Browsing named entities in Maj. Jed. Hotchkiss, Confederate Military History, a library of Confederate States Military History: Volume 3, Virginia (ed. Clement Anselm Evans). You can also browse the collection for Shaw or search for Shaw in all documents.

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ground at Rodgers', at the foot of the Shenandoah mountain, 23 miles from Staunton, and under his personal direction the pursuit was continued across that mountain to Shaw's Fork, the Federal artillery opposing a further advance from the crest of Shaw's ridge. The march was resumed early on the morning of the 8th, Johnson's regiments still in advance. The enemy had retreated during the night, and Jackson met with no opposition in crossing Shaw's ridge, the Cow Pasture valley and the western sShaw's ridge, the Cow Pasture valley and the western slope of Bull Pasture mountain, the summit of which was reached early in the forenoon. From a projecting rock on the right of the road Jackson was enabled to see the camp and the position taken by the enemy across the Bull Pasture river, on the terraces and bottoms of that valley in the vicinity of McDowell; while his engineer, who was familiar with the locality, sketched for him the topography and the approaches to the Federal position, which were partly concealed by a forest along the eastern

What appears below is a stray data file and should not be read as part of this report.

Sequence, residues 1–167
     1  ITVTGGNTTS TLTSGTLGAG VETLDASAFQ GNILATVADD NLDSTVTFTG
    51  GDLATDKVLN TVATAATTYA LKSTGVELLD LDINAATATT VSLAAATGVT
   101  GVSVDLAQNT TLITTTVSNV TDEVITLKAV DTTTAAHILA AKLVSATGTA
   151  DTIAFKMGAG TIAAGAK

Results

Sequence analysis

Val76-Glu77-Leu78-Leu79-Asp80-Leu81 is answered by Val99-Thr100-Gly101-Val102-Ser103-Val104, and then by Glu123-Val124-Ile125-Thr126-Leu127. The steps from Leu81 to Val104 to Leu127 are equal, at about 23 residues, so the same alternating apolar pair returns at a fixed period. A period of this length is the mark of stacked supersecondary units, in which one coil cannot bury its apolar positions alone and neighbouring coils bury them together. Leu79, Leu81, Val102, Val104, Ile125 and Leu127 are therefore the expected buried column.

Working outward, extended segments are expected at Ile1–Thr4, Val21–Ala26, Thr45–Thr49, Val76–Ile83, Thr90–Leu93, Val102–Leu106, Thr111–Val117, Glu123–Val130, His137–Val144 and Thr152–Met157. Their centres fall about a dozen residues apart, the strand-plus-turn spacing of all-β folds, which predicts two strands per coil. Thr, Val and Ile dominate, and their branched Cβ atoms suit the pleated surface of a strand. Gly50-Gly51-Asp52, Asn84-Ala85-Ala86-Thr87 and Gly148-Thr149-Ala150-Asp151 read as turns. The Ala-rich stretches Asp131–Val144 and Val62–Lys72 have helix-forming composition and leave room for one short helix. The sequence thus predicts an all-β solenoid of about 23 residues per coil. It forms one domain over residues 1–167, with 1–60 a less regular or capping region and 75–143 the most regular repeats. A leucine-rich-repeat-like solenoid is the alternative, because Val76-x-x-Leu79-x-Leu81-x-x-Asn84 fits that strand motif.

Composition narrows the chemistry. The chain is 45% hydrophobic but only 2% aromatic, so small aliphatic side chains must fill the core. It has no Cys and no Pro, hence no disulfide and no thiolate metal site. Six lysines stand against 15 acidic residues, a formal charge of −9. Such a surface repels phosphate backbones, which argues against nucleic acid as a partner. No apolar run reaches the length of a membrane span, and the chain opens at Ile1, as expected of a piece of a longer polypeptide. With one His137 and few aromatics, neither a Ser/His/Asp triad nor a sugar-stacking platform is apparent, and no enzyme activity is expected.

few cavalrymen at each place, many miles from headquarters, with numerous intervening mountains and streams to cross, when Sheridan began his second Valley campaign, starting from Winchester on the 27th of February, 1865. Rosser's expedition to Beverly, western Virginia, was one of the striking episodes of the early part of the year 1865. Leaving his camp, near Swoope's, on the Virginia Central railroad, eight miles west of Staunton, on January 7th, he crossed the Big North, Shenandoah, Shaw's ridge and Bull Pasture mountains, and encamped that night at McDowell, on the Bull Pasture river. On the 8th, crossing Jackson's River mountain, passing through Monterey and crossing the Alleghany mountain, he encamped at Yeager's, on the Back Alleghany, near the old encampment of Gen. Edward Johnson during the previous winter. On the 9th, crossing Greenbrier river and the Cheat mountains and river, he encamped at Stipe's, near the western foot of Cheat mountain, not far from Huttonsville